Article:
Kevin Darnell Hart was born on July 6, 1979 to Nancy Hart, a single mother, and brought up in one of the toughest sections of the City of Brotherly Love. His father, Henry Witherspoon, missed much of Hart’s childhood. He was in and out of jail, and an addict. The drugs, and escalating parental screw-ups, such as the time Witherspoon dropped Hart off at the wrong school, caused his mom to limit his visits.
“We come from a -—ed-up situation,” says Robert Hart, Kevin’s older brother. “We come from the worst living conditions.”
When Hart performs stand-up, he treats his father as a jester, arriving coked up to cheer his son at spelling bees or giving his kids another family’s dog when they wanted a puppy. But there was a darker side to Witherspoon. In the book, Hart recounts how his father broke into his mother’s house to steal money. Another time, he robbed Robert Hart’s barbershop and crashed his car.
“He didn’t escape any of it — jail, drugs, addictions, ruining your family to a point where my mom didn’t want me and my brother to be around him,” Hart says. “Seeing the stuff firsthand. Seeing the reality behind drugs and addiction, and what it can really do to a person, that’s why I don’t do drugs. I learned what I shouldn’t be doing from what my dad did.”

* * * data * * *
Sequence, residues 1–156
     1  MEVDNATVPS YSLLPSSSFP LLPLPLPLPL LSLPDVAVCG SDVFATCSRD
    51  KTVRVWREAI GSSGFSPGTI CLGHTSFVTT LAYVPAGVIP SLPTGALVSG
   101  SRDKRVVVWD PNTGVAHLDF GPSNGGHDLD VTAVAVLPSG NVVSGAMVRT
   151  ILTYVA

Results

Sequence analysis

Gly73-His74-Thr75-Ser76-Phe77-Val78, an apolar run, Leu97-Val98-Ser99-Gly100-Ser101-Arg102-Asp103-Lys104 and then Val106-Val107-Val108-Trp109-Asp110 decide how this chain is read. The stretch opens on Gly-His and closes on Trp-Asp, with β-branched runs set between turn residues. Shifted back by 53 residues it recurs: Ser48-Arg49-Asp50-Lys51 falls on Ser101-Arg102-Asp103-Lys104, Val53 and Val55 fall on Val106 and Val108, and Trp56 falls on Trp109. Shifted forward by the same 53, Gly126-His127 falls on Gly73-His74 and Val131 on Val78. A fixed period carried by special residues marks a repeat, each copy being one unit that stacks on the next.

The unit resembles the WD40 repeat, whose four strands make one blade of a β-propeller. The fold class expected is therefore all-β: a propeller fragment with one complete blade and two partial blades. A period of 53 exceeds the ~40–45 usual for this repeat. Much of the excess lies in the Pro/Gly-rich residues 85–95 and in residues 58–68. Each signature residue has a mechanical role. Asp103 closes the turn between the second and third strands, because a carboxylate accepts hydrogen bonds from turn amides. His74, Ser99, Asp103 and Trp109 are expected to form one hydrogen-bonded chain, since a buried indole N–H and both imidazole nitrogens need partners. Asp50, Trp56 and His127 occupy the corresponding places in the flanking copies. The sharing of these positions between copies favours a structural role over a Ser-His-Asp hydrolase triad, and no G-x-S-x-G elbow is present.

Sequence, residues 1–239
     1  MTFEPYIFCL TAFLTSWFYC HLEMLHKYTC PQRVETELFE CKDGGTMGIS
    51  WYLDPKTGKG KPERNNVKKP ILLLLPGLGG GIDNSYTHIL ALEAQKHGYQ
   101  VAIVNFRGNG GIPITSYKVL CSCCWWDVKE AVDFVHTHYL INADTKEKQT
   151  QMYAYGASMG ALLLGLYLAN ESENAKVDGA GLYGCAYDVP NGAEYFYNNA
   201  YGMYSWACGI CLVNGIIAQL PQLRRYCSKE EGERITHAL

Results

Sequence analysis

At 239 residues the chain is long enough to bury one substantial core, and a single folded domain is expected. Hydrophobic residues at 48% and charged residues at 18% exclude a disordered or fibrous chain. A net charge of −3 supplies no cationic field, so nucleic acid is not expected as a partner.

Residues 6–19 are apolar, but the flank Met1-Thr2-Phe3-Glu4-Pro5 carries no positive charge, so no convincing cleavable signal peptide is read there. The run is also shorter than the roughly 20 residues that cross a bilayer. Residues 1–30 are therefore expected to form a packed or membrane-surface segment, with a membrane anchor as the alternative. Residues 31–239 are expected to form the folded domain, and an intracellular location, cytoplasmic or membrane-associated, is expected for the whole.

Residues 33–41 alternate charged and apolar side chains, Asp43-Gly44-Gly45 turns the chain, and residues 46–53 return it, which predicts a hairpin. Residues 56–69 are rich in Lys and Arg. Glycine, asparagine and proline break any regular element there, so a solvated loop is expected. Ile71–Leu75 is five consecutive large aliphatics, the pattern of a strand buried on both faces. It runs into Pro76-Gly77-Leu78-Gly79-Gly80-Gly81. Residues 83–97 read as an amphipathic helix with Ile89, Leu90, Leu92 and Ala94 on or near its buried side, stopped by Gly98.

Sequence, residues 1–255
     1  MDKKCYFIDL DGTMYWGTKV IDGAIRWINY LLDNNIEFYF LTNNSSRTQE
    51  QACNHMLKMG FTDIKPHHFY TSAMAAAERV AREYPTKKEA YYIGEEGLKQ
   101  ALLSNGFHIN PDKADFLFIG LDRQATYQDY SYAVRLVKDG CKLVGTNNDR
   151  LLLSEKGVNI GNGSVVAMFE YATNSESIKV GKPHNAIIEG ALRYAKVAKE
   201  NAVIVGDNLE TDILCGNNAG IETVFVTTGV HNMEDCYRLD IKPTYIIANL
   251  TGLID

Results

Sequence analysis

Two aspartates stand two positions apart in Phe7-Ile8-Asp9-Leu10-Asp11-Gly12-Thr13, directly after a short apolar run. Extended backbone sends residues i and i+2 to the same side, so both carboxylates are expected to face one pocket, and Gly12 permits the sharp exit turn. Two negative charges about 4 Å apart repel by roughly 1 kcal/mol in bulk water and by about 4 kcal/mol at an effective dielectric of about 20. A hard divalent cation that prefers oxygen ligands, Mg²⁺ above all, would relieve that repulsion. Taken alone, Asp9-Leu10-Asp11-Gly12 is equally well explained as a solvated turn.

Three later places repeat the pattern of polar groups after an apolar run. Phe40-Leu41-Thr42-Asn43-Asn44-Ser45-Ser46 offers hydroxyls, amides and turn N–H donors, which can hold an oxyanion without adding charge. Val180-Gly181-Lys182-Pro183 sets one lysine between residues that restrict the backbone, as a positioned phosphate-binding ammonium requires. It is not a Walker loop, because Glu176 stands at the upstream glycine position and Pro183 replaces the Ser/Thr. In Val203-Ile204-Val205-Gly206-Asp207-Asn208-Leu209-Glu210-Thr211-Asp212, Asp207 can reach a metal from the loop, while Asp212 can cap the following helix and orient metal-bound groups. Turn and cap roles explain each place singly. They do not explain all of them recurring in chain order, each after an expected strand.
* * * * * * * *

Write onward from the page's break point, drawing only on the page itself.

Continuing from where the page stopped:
Hart says his father is now sober and the two have reconciled. At some point, Hart decided it was important for his two young children, Heaven and Hendrix, to know their grandfather.
“It takes too much time and energy to keep hate alive,” Hart says. In return, Witherspoon makes an effort with the children.
“He’s as good as he can be,” Hart says. “He’s very much in their lives. He talks to them. He sends them messages. He Facetimes. He’s serious about making his presence felt.”
If Hart has conflicted feelings about his father, there’s no ambiguity in his love for his mother. It was she, Hart says, who gave him his work ethic. A computer analyst at the University of Pennsylvania, she told her sons to set goals and achieve them. And she lived out her maxim.
“She was forever in school,” Hart remembers. “She was always trying to get a new level within her education — a new master’s or a new degree. She was constantly pushing to be the best version of herself.”
When Hart decided he wanted to do stand-up, his mother agreed to pay his rent for a year as he worked to get noticed. He’d commute daily from Philadelphia to the comedy clubs in New York, hitching rides or taking the bus from his home in the afternoon and returning at four in the morning. As he opened up about his personal life, he could feel the audience leaning in and responding.
“In the beginning, I was trying to be versions of what I saw or what other people were doing,” he remembers. “It was all, What’s the new shtick? ‘Oh, man, everyone’s coming onstage and they’re using music. I need to give them some music or I need to be loud.”